It's pretty sad when murderers have better ethics than most "spiritual" folks:
"I killed. I deserve to be killed."
"He preserved a church and created a people, but that success damaged and even destroyed some lives."
The other reason that Anderson deserves recognition as an honorary scholar of new religious movements is that his curiosity about new religions has brought him into conflict with a culture that still approaches the religious other through an un-nuanced “us vs. them” mentality. Most religion scholars who deal heavily with new religious movements have been branded as “cult apologists” at some point in their careers. At stake in this accusation is an assumption that “whoever is not for us is against us,” and that anyone who is not actively attempting to debunk and discredit minority religions has decided to defend them unconditionally.
I have written for here and elsewhere that for some commentators, ridiculing Scientology seems to have become a kind of hobby. There are, of course, plenty of reasons not to like the Church of Scientology. Not the least of these are the serious allegations that have been leveled against the Church by former members, especially the children of Scientologists who were raised in Scientology schools or pressured to serve in the Church’s elite order, Sea Org.
But as disturbing as these stories are, I am more interested in the motivations of groups like Anonymous, who organized angry protests in front of Scientology buildings, and journalists like Tony Ortega, who in two years produced 465 articles attacking the Church of Scientology.
In a world threatened by the possibility of nuclear conflict in the Middle East, global warming, and growing economic injustice, why direct so much energy toward a religion that is culturally and politically irrelevant outside of Hollywood? What is the sense of satisfaction some people find in crusading against Scientology? Popular animosity toward Scientology is interesting because it seems to point toward much larger patterns in how Americans respond to minority religions.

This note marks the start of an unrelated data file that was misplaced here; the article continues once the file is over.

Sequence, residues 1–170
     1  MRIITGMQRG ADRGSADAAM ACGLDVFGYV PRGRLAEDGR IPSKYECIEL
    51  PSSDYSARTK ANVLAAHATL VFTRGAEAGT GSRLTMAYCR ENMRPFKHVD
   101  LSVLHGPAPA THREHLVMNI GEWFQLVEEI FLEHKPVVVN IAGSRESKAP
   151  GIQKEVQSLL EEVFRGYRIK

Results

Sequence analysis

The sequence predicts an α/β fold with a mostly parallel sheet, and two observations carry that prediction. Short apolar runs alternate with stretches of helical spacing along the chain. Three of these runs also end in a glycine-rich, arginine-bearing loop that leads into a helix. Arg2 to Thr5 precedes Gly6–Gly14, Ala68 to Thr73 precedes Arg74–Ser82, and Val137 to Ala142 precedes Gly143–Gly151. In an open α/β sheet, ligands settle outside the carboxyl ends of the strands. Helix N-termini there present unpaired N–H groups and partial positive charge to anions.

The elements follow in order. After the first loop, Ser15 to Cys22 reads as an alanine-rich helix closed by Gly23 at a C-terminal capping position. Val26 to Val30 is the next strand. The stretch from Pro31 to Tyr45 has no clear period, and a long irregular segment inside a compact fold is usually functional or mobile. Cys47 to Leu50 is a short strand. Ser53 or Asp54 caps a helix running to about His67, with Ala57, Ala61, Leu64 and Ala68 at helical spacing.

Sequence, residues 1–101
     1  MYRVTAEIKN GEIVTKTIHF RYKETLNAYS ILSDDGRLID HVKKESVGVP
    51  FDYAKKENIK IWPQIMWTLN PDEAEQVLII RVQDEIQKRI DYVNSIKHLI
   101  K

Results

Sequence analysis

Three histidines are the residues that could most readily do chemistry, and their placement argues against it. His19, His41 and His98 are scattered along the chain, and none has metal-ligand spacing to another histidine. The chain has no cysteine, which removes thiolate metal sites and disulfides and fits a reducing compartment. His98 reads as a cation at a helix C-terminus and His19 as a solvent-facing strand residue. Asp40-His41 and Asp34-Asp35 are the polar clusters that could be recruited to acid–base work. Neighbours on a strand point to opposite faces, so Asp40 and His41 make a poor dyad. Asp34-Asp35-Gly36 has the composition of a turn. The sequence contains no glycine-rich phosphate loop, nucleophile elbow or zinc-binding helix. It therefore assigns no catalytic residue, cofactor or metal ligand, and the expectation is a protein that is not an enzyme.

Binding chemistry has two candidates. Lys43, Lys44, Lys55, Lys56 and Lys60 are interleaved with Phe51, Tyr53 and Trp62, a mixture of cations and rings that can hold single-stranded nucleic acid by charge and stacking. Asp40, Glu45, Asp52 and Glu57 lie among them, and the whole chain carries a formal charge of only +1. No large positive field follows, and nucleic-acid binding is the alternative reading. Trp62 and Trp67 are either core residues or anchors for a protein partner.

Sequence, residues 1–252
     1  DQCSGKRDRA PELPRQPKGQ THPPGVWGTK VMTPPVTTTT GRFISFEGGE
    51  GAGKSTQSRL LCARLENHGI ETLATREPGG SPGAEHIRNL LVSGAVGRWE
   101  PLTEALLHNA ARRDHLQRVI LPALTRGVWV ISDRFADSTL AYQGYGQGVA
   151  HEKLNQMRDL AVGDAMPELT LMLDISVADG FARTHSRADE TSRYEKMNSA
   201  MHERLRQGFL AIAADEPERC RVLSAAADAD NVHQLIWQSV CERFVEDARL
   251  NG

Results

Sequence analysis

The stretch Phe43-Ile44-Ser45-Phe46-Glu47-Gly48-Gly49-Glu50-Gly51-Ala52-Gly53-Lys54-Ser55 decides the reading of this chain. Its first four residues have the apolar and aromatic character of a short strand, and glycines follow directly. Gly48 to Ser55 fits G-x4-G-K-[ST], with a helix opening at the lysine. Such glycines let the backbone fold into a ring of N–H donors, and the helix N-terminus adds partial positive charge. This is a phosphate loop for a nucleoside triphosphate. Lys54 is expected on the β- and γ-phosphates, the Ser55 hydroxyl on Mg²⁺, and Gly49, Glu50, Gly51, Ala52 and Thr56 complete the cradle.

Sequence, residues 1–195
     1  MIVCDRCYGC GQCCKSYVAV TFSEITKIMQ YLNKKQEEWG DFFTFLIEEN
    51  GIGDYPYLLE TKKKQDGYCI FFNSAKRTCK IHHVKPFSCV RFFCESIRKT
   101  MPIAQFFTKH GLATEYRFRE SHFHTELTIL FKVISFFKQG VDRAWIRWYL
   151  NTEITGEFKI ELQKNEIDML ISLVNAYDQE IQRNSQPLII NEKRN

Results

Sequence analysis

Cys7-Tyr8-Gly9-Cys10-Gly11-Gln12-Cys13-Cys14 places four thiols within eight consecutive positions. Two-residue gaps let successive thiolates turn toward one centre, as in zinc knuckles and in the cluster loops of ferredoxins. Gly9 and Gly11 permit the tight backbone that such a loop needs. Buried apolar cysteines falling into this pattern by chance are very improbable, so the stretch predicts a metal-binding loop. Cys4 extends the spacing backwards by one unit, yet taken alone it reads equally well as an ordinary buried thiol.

and once more with feeling..."ARRGH"ReplyDelete
I can't believe people are such stupid, miserable, selfish bastards as to not want their children vaccinated -- I guess they have not seen the horrors of whooping cough, polio, measles.
My father had polio as a child (fortunately a mild case; there were many who were not so lucky), my mother nearly died from scarlet fever, and my grandfather -- diphtheria (it was only the quick thinking of his father that saved him). Thus I could say that "pre-existence" me (according to the Mormons) narrowly dodged the bullet 3 times. Vaccines are a wonderful things; fabulous examples of the good things we can do (my mom would routinely ask the doctors if there was some way her grandchildren could possibly get the small pox vac...she remembers a time when horrible disease killed a lot of small children...).
Yeah, I'm a murderous old bitch whose pretty sure where she's going...but I think I'm going to have a lot of company. If there is any justice, I will have a lot of company...and I'll laugh and laugh bitterly. Rotten stupid bastards...
That anti-anti-Scientology rant is a bit funny. I've seen a huge Scientology presence overseas. They are very active outside the US, and are not irrelevant outside of Hollywood.ReplyDelete
I've even stumbled into one of their "evils of psychotherapy" rallies in the middle of Copenhagen. My Danish is terrible, but just seeing a couple of signs, I could tell it was an anti-psychotherapy rally. And, knowing that the only idiots that would have an anti-psychotherapy rally are Scientologists, I figured it out pretty quick.